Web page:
At the Function Evening on Wednesday 5th June Brian Franklin gave a talk on HMS Penelope, a Light Cruiser of the British Navy that saw much action when stationed in Malta, and which provided the prototype for a working and floating model that he built in 1977. The model has an overall length of some five feet three inches and is impressive in its own right. Brian used plans of the prototype published in a model magazine to give him a 1:96 scale, and fashioned the hull from tinplate salvaged from empty 900g (2 lbs) jam tins laid over a former to the dimensions required that he carved from a piece of wood. He fitted 6 volt electric motors into the completed hull, thus providing the required weight distribution for the finished vessel, with its superstructure constructed from plasticard, to float at the correct trim.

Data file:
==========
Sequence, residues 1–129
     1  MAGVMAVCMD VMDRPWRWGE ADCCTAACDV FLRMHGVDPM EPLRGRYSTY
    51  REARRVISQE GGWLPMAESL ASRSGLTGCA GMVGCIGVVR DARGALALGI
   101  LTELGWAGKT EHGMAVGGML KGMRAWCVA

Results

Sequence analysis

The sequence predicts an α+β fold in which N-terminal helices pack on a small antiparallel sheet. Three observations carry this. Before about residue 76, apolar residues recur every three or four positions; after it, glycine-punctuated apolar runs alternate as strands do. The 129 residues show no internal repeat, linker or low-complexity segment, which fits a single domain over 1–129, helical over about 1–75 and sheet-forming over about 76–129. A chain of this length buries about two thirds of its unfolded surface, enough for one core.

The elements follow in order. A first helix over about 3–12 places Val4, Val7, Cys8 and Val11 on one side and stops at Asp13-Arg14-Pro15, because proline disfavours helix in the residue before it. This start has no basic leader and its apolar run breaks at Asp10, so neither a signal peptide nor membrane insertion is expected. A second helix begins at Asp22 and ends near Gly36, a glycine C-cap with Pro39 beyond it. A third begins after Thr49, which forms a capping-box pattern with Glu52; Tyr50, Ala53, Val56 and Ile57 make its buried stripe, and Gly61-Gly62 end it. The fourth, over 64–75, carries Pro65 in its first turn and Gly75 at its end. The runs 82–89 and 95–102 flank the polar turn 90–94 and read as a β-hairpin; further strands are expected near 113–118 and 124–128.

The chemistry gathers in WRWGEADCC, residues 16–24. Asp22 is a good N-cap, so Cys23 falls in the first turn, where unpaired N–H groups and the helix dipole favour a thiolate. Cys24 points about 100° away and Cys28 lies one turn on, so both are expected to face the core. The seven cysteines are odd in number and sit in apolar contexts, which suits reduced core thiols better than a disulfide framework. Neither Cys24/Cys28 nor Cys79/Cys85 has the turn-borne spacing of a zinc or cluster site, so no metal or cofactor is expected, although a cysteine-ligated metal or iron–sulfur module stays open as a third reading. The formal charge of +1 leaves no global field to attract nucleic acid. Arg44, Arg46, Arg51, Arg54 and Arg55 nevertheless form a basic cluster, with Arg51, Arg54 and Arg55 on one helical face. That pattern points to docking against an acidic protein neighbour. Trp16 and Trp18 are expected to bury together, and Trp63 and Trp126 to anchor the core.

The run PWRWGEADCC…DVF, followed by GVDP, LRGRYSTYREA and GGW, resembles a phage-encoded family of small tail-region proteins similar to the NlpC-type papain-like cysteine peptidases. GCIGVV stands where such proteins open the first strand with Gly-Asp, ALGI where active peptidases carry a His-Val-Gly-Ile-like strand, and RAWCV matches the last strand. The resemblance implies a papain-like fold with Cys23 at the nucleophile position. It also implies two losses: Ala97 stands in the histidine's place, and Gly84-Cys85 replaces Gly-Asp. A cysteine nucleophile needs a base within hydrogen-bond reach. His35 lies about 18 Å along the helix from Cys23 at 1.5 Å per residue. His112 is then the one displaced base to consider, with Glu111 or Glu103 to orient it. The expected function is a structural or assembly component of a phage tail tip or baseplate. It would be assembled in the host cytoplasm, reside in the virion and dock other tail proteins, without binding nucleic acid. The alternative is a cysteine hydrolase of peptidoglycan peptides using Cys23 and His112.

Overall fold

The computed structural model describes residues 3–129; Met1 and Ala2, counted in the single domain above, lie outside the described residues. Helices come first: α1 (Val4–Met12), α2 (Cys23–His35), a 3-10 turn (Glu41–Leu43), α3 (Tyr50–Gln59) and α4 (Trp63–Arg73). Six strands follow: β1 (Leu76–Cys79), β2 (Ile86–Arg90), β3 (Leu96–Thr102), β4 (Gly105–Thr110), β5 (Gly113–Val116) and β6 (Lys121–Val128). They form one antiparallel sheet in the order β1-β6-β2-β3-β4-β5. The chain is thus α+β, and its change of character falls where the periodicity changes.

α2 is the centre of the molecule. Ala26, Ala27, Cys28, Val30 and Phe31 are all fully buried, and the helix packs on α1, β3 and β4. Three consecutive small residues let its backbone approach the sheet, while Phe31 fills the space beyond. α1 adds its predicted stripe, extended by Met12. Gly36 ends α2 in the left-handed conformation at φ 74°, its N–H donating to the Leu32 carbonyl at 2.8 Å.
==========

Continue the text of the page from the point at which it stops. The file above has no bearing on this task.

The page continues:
Arising from a chance meeting with an artist who ha made a painting of the ship for someone whose brother had served on the vessel, Brian was put in touch with the administrators of the Maltese War Museum who showed an interest in obtaining the model for display. Brian set about refurbishing his model, which required some repairs and modifications as one would expect, and eventually it was packaged and despatched by air freight to Malta, followed by Brian in person, where a handing over ceremony took place.
Sadly, HMS Penelope herself as sunk by enemy U-boat action off the Italian coast at Anzio in 1944 with the loss of over 400 men, although at least 200 were saved. Prior to this action, she had participated successfully in disrupting enemy convoys in the Mediterranean arena, and providing artillery cover for the Allied troops landing on Sicily, and as they worked their way up the Italian coast to Anzio and that fateful action.